Shinrin-yoku doesn’t have to  take place only in a forest although the practice is quite conducive there; it can be in a meadow or along the shoreline or other natural or mostly natural landscapes. And research, most conducted in Japan where the practice began in the early 1980’s and is widely practiced today, shows demonstrable mental and physical health benefits from regular episodes of forest bathing. 

Forest leaves in the canopy. Pixabay photo

These peer-reviewed, scientific papers indicate that practitioners are calmer and more relaxed, have lower stress hormones, and are generally happier from regularly “bathing” in the forest. According to the research “forest bathers” also sleep better and have an enhanced ability to focus.  The benefits also accrue to those who experience nature indoors — a study of hospital patients with a wall in their room displaying a forest scene, or who could visually see the outdoors through a window, spend less time in the hospital than patients with no visual connection to nature. 

To practice forest bathing you don’t have to sit still as I did. You also can gain benefits from a leisurely to mid-paced stroll through a forest. The key is to open your “sensory self” to the living landscape happening all around you.   

After an hour or so I arose from my stationary ground-level seat, stretched some lightly aching muscles and slowly walked the mile back to the car, feeling physically and mentally  relaxed yet with my senses quite alert to the surrounding forest landscape.  I wondered: Is this state what a wild animal like a deer, fox, or box turtle always experiences?  

I hope you take a bath soon.

A resident of Setauket, author John L. Turner is conservation chair of the Four Harbors Audubon Society, author of “Exploring the Other Island: A Seasonal Nature Guide to Long Island” and president of Alula Birding & Natural History Tours.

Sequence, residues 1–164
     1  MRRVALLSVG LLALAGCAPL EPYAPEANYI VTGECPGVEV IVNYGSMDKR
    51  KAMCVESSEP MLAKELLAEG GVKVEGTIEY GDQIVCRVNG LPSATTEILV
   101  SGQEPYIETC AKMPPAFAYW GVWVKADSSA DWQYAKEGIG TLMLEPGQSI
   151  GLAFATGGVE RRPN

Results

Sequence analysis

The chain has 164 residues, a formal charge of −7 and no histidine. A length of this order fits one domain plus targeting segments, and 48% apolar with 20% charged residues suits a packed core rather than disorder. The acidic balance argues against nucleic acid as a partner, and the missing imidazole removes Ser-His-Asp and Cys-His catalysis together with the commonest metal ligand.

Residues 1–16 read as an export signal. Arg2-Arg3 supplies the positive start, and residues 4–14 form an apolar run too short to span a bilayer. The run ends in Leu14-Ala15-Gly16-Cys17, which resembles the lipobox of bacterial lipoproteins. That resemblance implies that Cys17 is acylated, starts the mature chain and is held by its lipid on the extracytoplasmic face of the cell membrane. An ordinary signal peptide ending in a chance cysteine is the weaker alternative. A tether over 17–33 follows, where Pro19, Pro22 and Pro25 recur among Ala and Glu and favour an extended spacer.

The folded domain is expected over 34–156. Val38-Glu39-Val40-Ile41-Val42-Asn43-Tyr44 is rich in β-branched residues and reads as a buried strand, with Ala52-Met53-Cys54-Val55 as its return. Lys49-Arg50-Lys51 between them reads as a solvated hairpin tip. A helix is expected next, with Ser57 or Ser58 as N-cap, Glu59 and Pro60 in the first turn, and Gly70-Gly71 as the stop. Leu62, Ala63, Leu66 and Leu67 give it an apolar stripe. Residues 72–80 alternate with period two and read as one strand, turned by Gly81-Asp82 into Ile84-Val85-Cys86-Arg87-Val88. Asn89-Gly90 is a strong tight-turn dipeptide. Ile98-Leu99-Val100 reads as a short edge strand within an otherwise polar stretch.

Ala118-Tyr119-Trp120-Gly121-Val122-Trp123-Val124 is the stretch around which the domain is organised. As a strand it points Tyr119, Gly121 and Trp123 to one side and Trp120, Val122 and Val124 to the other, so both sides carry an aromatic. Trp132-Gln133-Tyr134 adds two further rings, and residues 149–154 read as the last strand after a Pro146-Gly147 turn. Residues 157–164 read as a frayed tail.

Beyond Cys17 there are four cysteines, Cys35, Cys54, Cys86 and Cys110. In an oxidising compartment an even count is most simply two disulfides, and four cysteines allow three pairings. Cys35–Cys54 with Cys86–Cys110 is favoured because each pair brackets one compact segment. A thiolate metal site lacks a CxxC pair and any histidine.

A Greater Yellowleg searches for food during low tide. Pixabay photo by Steph McBlack

By John L. Turner

I first heard their piercing, three-parted “tew-tew-tew” calls while sitting on the slatted bench in the northwest corner of the Three Village Garden Club property on a day in early May. I’m looking out over the mudflats revealed during low tide at the southern end of Conscience Bay and on the far bank are eighteen Greater Yellowlegs, a highly migratory species of shore bird feeding on the west bank of the bay. 

Living up to their name, the birds have spindly, bright yellow legs that stand out amidst the brown background of the intertidal mud. Their piercing calls have led to a few colorful colloquial names: the telltale and the tattler. 

The flock could have begun their northbound journey as far south as southern Argentina in February or March and during the intervening weeks  moved north, soon passing the equator, all the while hopscotching from one fresh or saltwater wetland to another, like the ones at the southern sliver of Conscience Bay. By the next day they had departed to make their way another thousand miles to the north to nesting grounds — a wide swath across the middle of Canada. 

The bay was a waystation for these hemispheric globetrotters and I felt blessed to watch them live a tiny sliver of their wild lives and it reinforced an important concept in conservation — the need to preserve wild habitat, not just for resident wildlife like squirrels and box turtles, but also for species that depend upon these critical sites during some part of their annual cycle. As the Yellowlegs illustrate, Long Island’s wild habitats are a type of “migratory motel”  for many birds and other mobile species.    

Behind me I hear the season’s first Baltimore Oriole, its sweet but piercing whistle emanating from the top of a tall oak and toward the end of his song a newly  arrived Grey Catbird joins in, emitting a low-key series of sweet and jangled notes, as if practicing vocals for the first time.  And then, behind me to the left, the bubble-up song of a Parula Warbler. The presence of these birds and scores of other species announce that spring has arrived in the northern hemisphere.  

Each species’ wintering range, from which they depart as they begin their spring migration, is unique although many species have similar ranges. For example, both the oriole and catbird have a wintering range that includes the peninsular section of Florida, the Caribbean, and eastern Mexico and Central America, just dropping into South America, although the oriole goes a bit deeper into this southern continent.